Published by Elsevier B.V.


    re life cycle or developmental period of ticksffected by temperature and/or relative humid-n, 1973a,b; Tukahirwa, 1976; King et al., 1988;Banda, 1990). Egg production index, hatching

    ng percentages are also temperature and rela-ty dependant (Norval, 1977; Zahler and Gothe,

    ding author. Tel.: +00 249 09 12805583.ress: (A. ELGhali).

    1995; ELGhali et al., 2003). Life cycle of the camel tickHyalomma dromedarii has only been studied under labo-ratory conditions (Hagras and Khalil, 1988; Alahmed andKheir, 2003). This tick species follows different types oflife cycles to avoid unfavourable conditions. Delpy andGouchey (1937 cited in Hoogstraal, 1956) stated that H.dromedarii is a three-host tick, changes to two-host understress of heat to avoid larval desiccation. Alfeev (1951, citedin Hoogstraal, 1956), reported that H. dromedarii behavedas a singlehost on rabbitswith adultsmoving to anewposi-tion shortly after moulting and remaining unattached fora day or two. Hoogstraal (1956) reported that eld obser-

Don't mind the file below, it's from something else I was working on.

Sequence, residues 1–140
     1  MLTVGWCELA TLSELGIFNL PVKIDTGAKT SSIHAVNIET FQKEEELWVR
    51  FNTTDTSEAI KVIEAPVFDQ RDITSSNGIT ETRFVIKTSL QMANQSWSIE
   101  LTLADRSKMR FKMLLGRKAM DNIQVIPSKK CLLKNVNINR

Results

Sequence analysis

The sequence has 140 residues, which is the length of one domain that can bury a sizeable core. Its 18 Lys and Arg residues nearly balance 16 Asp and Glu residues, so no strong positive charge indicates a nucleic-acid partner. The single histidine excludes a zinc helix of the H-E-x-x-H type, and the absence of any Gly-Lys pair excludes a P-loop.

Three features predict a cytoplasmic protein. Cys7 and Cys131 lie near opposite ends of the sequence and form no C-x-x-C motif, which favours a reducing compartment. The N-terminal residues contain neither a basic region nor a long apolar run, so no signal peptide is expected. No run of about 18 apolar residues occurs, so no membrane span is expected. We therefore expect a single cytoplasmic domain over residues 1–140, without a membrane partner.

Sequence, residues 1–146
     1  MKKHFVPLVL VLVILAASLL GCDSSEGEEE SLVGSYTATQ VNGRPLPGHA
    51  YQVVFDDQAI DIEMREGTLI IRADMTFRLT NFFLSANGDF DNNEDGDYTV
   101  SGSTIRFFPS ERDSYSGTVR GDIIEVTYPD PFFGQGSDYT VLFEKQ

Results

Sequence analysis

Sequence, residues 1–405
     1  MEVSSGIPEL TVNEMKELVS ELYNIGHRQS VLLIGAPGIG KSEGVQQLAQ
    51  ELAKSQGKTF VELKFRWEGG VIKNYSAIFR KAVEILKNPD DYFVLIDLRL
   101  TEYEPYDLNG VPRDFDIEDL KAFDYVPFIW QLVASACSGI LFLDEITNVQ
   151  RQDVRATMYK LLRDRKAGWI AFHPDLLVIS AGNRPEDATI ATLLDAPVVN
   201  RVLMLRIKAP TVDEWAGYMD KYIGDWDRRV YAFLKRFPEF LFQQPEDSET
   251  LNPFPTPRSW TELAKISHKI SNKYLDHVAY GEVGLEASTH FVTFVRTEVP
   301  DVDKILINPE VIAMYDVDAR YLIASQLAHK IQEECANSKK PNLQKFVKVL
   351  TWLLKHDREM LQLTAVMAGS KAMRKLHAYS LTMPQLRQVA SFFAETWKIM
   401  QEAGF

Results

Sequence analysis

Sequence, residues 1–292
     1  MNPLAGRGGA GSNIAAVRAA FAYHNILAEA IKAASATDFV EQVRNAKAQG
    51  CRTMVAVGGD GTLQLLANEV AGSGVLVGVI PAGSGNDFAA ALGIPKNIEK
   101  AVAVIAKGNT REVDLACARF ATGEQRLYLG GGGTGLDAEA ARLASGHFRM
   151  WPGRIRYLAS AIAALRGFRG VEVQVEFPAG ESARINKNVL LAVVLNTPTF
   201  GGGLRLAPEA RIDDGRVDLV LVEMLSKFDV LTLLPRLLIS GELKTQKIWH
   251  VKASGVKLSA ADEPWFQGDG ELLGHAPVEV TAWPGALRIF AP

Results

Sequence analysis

see front matter. Published by Elsevier B.V.vetpar.2010.08.028le of the camel tick Hyalomma droeld conditions in Northern Sudan

    lia,, S.M. Hassanb

    inary Research Laboratories, P.O. Box 8067, Amarat, Khartoum, Sudanf Parasitology, Faculty of Veterinary Medicine, University of Khartoum, Sudaarii (Acari: Ixodidae)

  • 306 A. ELGhali, S.M. Hassan / Veterinary Parasitology 174 (2010) 305312

    vations suggested that change of host usually occurs afternymphaladult moulting and rarely after larvalnymphalmoulting. Das and Subramanian (1972) reported that H.dromedarii on sheep and cattle is a three-host tick and 60%changed topointed outhostwhen tand Kheir (host tickwh(2010) founwhen fed ois distributpresent, inEast, inNordown to So1956). It re(Karrar et aet al., 2001importanceare importhealth andThe presendromedariibest periodThe effectssun on the

    2. Materia

    The stuAtbara towNile State,and River A(Fig. 1). The45 C in sumambient temto less thanis generallybetween 30and 30 C in

    Two areMinimum ahumidity arecorded atalso recordewere measu

    2.1. Eggs la

    Fully enfrom cameplaced in 7wool and diately placwith an appof 1520 relar numberout in Dece2002, Aprilsion periodand hatched